Posted on Wednesday, August 14, 2013 Share
The U.S. House of Representatives recently approved a bill that prohibits the Public Company Accounting Oversight Board (PCAOB) from requiring mandatory audit firm rotation for public companies. The bill still needs to be approved by the Senate and signed by the President before it becomes law. When the Sarbanes-Oxley Act was initially adopted in 2002, it required that the lead audit partners for public companies must rotate every 5 years. The recent bill amends this regulation to prohibit the requirement of public companies from changing auditors.
Those in favor of audit firm rotation believe it provides a “fresh look” at the organization by requiring new auditors every so many years, while others claim that long-term relationships with an audit firm may impair independence and objectivity.
Independence and objectivity; however, are part of the auditing standards that every auditor must follow. “The auditor must maintain independence in mental attitude in all matters relating to the audit.” (Statement on Auditing Standards No.1) Auditors must document that they follow these standards and are also subject to a peer review process to ensure the standards are being followed.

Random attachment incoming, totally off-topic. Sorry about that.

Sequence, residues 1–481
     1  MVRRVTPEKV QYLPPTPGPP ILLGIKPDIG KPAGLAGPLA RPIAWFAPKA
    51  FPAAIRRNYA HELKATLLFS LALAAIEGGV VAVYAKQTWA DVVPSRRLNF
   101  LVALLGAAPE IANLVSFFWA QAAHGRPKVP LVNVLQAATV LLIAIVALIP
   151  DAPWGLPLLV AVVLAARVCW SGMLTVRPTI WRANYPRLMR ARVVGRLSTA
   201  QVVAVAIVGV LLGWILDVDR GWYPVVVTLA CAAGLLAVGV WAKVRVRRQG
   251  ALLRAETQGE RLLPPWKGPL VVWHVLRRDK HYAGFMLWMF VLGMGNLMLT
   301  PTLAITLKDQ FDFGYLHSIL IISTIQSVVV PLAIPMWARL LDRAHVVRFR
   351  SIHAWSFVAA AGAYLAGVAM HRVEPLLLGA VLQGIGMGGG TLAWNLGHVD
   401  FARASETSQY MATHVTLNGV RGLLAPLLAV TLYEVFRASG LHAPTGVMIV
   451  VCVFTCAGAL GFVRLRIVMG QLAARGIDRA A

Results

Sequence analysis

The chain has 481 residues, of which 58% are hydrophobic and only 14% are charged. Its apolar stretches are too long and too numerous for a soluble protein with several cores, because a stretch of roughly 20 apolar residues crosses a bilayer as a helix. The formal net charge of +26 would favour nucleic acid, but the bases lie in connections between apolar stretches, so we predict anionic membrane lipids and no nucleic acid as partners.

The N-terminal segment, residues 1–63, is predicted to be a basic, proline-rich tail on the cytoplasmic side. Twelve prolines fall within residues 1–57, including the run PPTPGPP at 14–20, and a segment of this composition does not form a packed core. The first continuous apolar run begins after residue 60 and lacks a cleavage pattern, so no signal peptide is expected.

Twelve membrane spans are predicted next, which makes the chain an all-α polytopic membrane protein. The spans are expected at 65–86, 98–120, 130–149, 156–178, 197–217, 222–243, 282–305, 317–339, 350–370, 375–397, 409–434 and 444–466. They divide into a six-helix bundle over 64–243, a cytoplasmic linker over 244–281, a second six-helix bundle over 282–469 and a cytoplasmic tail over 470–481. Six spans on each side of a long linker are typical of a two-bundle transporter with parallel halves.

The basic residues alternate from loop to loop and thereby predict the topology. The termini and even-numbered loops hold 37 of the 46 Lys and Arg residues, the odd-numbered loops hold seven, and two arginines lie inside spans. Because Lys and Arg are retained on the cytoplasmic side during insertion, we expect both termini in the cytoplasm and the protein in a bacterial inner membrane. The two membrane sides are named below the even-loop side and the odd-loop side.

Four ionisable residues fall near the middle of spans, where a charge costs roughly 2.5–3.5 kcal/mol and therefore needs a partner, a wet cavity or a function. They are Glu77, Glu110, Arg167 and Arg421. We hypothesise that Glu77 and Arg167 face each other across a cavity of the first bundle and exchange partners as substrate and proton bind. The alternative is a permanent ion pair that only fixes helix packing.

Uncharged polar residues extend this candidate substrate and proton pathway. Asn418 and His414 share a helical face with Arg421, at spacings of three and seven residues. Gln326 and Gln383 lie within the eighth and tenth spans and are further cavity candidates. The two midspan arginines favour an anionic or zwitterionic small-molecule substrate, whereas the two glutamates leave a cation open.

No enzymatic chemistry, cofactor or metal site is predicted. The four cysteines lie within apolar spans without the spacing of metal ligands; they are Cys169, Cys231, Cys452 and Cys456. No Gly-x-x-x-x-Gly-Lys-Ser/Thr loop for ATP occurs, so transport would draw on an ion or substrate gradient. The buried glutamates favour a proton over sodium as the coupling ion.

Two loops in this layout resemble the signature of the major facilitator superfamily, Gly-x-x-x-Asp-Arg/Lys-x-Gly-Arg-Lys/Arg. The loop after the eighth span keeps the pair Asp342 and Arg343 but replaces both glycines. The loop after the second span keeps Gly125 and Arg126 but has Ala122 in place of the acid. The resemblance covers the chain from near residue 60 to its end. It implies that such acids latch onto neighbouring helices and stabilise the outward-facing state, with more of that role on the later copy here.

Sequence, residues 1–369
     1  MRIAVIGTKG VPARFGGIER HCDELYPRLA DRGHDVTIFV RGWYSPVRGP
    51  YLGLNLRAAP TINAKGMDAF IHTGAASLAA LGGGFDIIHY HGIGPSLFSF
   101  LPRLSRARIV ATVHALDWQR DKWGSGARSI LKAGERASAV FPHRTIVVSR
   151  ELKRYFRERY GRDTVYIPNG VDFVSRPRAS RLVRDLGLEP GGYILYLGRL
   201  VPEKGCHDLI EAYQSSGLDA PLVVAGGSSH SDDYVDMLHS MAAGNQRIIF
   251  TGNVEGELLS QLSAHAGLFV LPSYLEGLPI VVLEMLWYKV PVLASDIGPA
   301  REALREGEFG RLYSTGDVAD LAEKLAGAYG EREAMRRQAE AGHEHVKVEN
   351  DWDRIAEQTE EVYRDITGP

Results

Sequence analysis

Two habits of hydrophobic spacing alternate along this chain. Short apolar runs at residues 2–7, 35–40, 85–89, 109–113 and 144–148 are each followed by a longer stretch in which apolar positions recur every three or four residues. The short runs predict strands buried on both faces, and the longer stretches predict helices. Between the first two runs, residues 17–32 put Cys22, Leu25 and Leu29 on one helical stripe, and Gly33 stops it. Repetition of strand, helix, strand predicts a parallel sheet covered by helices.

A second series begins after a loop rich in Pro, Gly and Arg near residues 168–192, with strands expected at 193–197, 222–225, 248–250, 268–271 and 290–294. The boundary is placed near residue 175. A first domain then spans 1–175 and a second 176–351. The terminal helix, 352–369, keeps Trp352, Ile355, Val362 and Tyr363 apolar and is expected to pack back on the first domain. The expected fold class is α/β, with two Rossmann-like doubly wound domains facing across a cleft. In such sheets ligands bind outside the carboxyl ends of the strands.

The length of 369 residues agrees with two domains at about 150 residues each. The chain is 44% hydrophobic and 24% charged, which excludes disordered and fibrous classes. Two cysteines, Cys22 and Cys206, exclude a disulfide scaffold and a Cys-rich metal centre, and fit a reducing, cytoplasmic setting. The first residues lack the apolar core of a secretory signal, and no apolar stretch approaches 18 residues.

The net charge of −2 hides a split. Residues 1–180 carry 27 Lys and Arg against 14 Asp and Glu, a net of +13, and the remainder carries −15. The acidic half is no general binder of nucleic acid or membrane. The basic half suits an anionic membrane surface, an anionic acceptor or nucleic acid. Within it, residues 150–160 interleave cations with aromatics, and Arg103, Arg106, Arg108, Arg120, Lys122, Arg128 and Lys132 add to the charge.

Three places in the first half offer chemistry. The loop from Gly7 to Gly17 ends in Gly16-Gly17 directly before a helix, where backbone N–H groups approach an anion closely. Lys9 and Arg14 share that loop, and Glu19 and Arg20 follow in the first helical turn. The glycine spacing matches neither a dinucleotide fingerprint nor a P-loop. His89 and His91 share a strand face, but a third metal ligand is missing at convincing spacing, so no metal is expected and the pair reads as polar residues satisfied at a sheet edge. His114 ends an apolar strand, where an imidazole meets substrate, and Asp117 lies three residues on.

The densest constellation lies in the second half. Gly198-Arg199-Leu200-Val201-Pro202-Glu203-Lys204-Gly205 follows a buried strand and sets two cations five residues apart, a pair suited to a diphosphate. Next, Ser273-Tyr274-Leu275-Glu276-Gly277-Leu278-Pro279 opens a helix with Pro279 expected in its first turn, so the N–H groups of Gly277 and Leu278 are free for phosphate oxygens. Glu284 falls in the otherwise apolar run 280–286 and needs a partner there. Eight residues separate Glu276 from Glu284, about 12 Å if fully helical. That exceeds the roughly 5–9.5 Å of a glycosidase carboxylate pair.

Opponents believe that auditor rotation comes at an increased cost and may actually reduce audit quality due to the learning curve for both the nonprofit organization and the auditor that occurs in the first years of a new relationship.
The mandatory auditor rotation has never applied to nonprofit organizations; however, some organizations make it a practice to rotate auditors every few years. So should your organization rotate auditors? Instead of looking at how long of a relationship you have with your auditors, look at what your auditors are providing your organization. You should consider changing your auditors when your current auditors are no longer able to meet the quality of service required by the organization.
Posted by: Carrie Minnich, CPA
Posted in Mission Minded Nonprofits
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